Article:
President Reagan yesterday put off a decision on whether to impose restraints on shoe imports after his Cabinet split in recommending tariffs or initiating a case charging foreign companies with unfair trade practices, administration sources said.

Cabinet members meeting with the president yesterday afternoon were unable to give him a unanimous recommendation because of divisions between those who want to get tough on imports and others who oppose trade restraints, sources said.

The departments of Agriculture, Commerce and Labor and the U.S. Trade Representative took what was considered the hard-line position, favoring increasing the 8.8 percent tariff on nonrubber footwear, sources said.

Those supporting higher tariffs reportedly argued that if the administration didn't stand tough on the shoe question, at a crucial period when the protectionist fervor on Capitol Hill is running high, Congress would pass harmful legislation to cut off imports.

The Treasury and Transportation departments, the Office of Management and Budget and the National Security Council favored filing a Section 301 case against foreign shoemakers, a position characterized by some sources as virtually "doing nothing."

Under Section 301 of the Trade Act of 1974, the U.S. Trade Representative would initiate a case charging foreign shoemakers with unfair trading practices. The USTR would investigate the case and make a recommendation to the president, who would have a wide range of options to remedy the problem.

The shoe case originated with a Section 201 case filed by the Senate Finance Committee. Section 201 of the 1974 trade law involves cases filed with the International Trade Commission, an independent agency that investigates such petitions and makes recommendations to the president.

White House spokesman Larry Speakes said that the president probably would make a decision in several days.

The shoe case has gained significance because some legislators feel it will give them an indication of how tough the administration will be in protecting domestic industries. Congress has complained that the administration is not doing enough on the trade issue as the U.S. merchandise trade deficit, a record $123.3 billion last year, has run at an even faster pace this year, totaling $70 billion already. The administration estimates the 1985 deficit will reach $150 billion.

Forty senators recently sent a letter to Reagan requesting that he impose quotas, and saying that the credibility of the U.S. trade laws "is clearly at stake in your treatment of this case.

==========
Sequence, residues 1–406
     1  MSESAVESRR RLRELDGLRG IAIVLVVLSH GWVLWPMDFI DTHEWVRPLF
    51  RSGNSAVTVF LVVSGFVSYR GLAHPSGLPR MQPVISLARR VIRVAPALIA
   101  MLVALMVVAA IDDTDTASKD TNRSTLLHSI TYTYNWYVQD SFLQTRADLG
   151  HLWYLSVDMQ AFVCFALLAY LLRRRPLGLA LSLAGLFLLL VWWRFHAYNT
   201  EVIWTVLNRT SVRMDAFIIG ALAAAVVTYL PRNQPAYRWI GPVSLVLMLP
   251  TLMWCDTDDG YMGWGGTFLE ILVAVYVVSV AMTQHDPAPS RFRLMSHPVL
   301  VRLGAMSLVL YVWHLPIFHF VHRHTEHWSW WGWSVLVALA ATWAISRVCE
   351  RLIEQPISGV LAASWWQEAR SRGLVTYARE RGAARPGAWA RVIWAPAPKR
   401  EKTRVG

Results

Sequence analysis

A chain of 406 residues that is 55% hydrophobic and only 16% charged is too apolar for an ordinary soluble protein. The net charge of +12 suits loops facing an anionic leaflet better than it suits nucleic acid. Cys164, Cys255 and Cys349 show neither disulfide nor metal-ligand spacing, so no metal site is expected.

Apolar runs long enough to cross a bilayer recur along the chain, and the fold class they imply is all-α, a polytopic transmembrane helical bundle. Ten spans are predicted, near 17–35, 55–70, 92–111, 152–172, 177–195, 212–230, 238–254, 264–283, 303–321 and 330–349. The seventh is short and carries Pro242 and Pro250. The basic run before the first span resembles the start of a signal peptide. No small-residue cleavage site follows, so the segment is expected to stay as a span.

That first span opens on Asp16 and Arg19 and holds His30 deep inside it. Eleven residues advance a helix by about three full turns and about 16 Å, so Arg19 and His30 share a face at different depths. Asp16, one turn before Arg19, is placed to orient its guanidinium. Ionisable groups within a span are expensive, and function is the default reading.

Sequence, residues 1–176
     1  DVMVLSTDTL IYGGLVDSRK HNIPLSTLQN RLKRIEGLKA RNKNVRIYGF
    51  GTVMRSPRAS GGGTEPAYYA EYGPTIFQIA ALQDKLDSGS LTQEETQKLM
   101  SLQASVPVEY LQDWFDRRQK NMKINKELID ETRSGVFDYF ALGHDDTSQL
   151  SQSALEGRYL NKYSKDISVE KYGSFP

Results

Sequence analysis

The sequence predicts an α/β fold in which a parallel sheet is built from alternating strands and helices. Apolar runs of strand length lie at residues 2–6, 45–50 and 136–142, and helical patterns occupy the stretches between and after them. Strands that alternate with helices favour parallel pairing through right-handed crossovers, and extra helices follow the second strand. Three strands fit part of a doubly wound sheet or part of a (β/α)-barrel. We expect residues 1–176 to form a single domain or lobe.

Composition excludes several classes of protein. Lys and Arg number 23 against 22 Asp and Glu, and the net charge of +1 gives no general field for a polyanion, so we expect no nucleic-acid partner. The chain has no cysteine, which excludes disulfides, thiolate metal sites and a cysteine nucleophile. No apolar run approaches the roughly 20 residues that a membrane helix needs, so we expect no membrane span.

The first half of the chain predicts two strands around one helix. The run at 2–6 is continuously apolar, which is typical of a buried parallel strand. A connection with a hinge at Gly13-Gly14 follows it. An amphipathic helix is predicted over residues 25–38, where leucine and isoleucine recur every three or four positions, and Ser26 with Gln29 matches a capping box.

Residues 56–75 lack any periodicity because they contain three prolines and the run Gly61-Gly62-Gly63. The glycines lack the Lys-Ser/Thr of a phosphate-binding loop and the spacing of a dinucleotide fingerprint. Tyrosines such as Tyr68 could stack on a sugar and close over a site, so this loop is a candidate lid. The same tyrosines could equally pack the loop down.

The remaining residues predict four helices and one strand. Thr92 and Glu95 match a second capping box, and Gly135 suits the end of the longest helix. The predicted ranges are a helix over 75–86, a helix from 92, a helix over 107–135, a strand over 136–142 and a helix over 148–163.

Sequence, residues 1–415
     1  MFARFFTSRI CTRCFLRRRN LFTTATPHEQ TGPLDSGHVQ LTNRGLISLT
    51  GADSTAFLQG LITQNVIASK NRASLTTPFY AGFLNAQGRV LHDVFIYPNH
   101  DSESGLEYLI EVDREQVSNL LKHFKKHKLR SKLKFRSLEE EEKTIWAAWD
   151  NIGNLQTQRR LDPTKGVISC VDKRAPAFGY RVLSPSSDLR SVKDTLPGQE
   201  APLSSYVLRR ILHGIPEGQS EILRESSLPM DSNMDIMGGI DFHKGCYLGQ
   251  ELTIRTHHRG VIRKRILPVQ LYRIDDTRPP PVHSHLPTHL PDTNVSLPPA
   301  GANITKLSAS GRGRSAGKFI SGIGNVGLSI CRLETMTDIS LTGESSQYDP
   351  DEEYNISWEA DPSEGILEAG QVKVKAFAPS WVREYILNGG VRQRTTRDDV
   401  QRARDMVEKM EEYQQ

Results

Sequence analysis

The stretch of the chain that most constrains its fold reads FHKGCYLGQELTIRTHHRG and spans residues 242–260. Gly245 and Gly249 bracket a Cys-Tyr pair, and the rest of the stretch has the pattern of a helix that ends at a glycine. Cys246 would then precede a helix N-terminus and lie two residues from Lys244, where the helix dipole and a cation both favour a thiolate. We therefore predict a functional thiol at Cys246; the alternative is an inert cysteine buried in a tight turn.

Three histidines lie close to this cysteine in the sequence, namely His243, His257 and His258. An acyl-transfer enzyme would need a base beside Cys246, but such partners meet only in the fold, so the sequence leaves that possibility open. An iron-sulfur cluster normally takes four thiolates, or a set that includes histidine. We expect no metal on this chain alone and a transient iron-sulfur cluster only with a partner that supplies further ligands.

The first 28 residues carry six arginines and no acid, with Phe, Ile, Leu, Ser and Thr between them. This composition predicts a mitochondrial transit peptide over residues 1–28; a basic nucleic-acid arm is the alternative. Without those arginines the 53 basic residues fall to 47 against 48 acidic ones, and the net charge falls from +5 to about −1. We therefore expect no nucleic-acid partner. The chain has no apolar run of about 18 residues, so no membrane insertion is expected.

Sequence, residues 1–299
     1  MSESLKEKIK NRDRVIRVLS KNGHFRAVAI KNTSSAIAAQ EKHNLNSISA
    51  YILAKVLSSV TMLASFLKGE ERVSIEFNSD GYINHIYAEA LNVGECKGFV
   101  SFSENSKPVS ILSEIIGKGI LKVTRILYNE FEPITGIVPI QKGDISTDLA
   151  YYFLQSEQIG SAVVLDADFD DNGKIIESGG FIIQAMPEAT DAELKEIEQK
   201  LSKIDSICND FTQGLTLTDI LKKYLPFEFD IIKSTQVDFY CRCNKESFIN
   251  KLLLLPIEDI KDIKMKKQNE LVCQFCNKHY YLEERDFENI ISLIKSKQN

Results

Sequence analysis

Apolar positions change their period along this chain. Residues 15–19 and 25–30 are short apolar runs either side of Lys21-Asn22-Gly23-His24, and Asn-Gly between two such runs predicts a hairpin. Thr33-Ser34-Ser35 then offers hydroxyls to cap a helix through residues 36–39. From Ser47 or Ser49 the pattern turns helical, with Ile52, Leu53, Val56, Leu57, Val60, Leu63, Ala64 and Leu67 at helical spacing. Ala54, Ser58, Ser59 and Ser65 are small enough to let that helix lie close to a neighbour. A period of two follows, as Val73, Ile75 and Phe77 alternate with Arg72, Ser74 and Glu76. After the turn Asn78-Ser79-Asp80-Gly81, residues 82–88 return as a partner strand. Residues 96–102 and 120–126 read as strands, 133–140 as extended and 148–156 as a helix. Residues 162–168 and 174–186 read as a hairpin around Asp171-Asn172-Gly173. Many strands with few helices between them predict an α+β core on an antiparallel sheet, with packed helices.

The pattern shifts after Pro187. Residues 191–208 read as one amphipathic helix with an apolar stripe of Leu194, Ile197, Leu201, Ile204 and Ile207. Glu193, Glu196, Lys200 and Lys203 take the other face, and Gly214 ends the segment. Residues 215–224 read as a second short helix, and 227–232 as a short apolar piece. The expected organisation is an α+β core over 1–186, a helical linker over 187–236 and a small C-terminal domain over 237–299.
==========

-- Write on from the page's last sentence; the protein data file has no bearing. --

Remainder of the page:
"For those of us who do not represent major footwear constituencies, the importance of your granting a sufficient level of import relief in this case goes much further than the plight of this industry alone," the senators wrote. "We all represent constituents who are increasingly faced with severe competition from imports in sectors as varied as agriculture, heavy machinery and high technology."

But 19 other senators urged the president to reject restrictions on imported footwear, claiming that it would cost consumers millions of dollars.

The ITC recommended in June that the president impose a novel import quota system in which the government would auction the right to import certain amounts of shoes. The administration does not favor quotas, sources said, because foreign companies simply would raise prices to make up for lost volume and reap higher profits.

Under tariffs, the U.S. government would get the benefit from duties imposed on imports. Foreign shoe companies still might raise prices, but probably by smaller amounts to avoid pricing the shoes out of the market.

The president is required under law to decide the issue by Sept. 1. The ITC recommended an 18 percent reduction in imports of nonrubber footwear valued at more than $2.50 a pair. Imports of these shoes would be reduced from 575 million pairs in 1984 to 474 million pairs in the first year of the quotas.

The ITC also said that the quotas should remain at the same level the second year, but gradually increase in the final three years of relief from import competition.

The domestic shoe industry and some shoe-state congressmen said they favored quotas over tariffs because tariffs do not prevent imports from being sold here.

Employment in the domestic shoe industry has dropped from 215,000 workers in 1970 to about 120,000 today. Opponents of import restraints contend that they would cost American consumers between $50,000 and $80,000 for each job saved in the industry, in which the average annual wage is about $14,000.

Another issue debated by the Cabinet has been the effect of import restrictions on the ability of some developing countries to earn enough foreign exchange from exports to pay the interest on their debts.